“A thing of beauty is a joy for ever”, John Keats wrote in his poem “Endymion” in 1818 – about the passion of a moon goddess for a human shepherd. And last night, February 6, 2018 (200 years afterwards), Elon Musk’s SpaceX launched the Falcon Heavy rocket – like someone speeding across space to his lover, the moon. And the sights from the live cam in the Tesla Roadster inside the rocket, are things of beauty that really will be a joy for ever. This event gave us an astounding sight – the earth rising slowly from the left-hand side of the Falcon Heavy, glowing against the blackness of space.
Live views of Starman, in the roadster, in outer space. Watch carefully around 22 seconds in... 8,891,475 views and counting since it was published on YouTube yesterday, Feb. 6, 2018.
Inside the Tesla Roaster is a mannequin in a space suit, called “Starman”, a reference to the song by Davie Bowie (1972);
There’s a starman waiting in the sky
He’d like to come and meet us
But he thinks he’d blow our minds
There’s a starman waiting in the sky…
My favourite thing about the launch is that on the dash of the car is a little sign that says “DON’T PANIC!” Someone at SpaceX has a sense of humour! This is of course from Douglas Adams’s famous comic Sci-Fi radio play and novel, The Hitchhiker’s Guide to the Galaxy (1978 onwards).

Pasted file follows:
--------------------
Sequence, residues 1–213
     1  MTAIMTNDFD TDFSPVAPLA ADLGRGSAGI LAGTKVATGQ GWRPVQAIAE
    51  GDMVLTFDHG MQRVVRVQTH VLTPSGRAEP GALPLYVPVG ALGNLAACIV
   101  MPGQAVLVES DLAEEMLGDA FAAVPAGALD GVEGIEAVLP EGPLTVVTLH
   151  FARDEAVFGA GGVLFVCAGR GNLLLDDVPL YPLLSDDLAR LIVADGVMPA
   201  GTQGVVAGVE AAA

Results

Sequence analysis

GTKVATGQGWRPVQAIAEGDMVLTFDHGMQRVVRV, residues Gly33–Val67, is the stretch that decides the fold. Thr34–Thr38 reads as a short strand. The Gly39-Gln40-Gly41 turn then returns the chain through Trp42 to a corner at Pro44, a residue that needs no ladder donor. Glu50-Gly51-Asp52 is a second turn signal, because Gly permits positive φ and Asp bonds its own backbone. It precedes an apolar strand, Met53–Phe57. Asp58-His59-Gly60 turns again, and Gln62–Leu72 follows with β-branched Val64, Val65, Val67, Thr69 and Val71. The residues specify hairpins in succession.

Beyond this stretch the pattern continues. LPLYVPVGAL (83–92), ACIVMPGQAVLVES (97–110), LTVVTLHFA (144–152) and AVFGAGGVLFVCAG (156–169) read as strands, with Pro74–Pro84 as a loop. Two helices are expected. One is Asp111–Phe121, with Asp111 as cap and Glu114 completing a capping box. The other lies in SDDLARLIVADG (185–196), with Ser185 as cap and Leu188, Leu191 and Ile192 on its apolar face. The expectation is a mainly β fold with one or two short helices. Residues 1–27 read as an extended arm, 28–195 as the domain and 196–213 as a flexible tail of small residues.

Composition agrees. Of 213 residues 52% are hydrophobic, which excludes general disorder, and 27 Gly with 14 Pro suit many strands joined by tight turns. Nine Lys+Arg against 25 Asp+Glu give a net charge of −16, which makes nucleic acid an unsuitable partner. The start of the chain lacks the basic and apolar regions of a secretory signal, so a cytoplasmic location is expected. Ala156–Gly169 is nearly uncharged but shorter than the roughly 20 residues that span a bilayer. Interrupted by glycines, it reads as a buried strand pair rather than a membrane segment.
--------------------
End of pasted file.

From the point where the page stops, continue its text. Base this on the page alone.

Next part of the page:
In the novel the name of the guide to the galaxy is the same as the book – The Hitchhiker’s Guide to the Galaxy, and on the cover of that fictional work it says in “large, friendly letters”, “DON’T PANIC”. In the novel Adams writes that this was partly because the device “looked insanely complicated” to operate, and partly to keep intergalactic travellers from panicking. “DON’T PANIC” has become one of the many phrases and concepts from the novel that have become global memes.
“It is said that despite its many glaring (and occasionally fatal) inaccuracies, the Hitchhiker’s Guide to the Galaxy itself has outsold the Encyclopedia Galactica because it is slightly cheaper, and because it has the words ‘DON’T PANIC’ in large, friendly letters on the cover.”
(Douglas Adams, The Hitchhiker’s Guide to the Galaxy, Pocket Books, 1979, p. 3)
In The Hitchhiker’s Guide to the Galaxy, Earth is described in only two words: “Mostly harmless.”